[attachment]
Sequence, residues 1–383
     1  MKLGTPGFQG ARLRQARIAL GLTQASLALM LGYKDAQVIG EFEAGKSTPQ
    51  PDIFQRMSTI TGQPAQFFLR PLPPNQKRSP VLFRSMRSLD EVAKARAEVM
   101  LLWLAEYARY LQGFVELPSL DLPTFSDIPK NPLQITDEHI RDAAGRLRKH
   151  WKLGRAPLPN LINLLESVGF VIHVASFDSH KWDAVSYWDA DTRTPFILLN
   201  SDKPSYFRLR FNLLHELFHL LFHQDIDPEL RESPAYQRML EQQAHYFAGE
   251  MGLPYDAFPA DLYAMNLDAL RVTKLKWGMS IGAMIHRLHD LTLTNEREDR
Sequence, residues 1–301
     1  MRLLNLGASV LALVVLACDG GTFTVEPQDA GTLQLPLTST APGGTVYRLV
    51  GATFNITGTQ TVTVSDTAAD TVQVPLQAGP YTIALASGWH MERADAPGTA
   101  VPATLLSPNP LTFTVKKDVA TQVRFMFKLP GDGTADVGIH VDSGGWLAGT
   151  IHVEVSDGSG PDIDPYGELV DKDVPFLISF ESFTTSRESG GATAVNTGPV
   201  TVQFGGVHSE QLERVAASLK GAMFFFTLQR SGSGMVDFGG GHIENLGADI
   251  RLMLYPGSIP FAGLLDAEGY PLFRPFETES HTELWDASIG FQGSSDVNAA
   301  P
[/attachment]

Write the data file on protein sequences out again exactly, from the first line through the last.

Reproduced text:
Sequence, residues 1–383
     1  MKLGTPGFQG ARLRQARIAL GLTQASLALM LGYKDAQVIG EFEAGKSTPQ
    51  PDIFQRMSTI TGQPAQFFLR PLPPNQKRSP VLFRSMRSLD EVAKARAEVM
   101  LLWLAEYARY LQGFVELPSL DLPTFSDIPK NPLQITDEHI RDAAGRLRKH
   151  WKLGRAPLPN LINLLESVGF VIHVASFDSH KWDAVSYWDA DTRTPFILLN
   201  SDKPSYFRLR FNLLHELFHL LFHQDIDPEL RESPAYQRML EQQAHYFAGE
   251  MGLPYDAFPA DLYAMNLDAL RVTKLKWGMS IGAMIHRLHD LTLTNEREDR
Sequence, residues 1–301
     1  MRLLNLGASV LALVVLACDG GTFTVEPQDA GTLQLPLTST APGGTVYRLV
    51  GATFNITGTQ TVTVSDTAAD TVQVPLQAGP YTIALASGWH MERADAPGTA
   101  VPATLLSPNP LTFTVKKDVA TQVRFMFKLP GDGTADVGIH VDSGGWLAGT
   151  IHVEVSDGSG PDIDPYGELV DKDVPFLISF ESFTTSRESG GATAVNTGPV
   201  TVQFGGVHSE QLERVAASLK GAMFFFTLQR SGSGMVDFGG GHIENLGADI
   251  RLMLYPGSIP FAGLLDAEGY PLFRPFETES HTELWDASIG FQGSSDVNAA
   301  P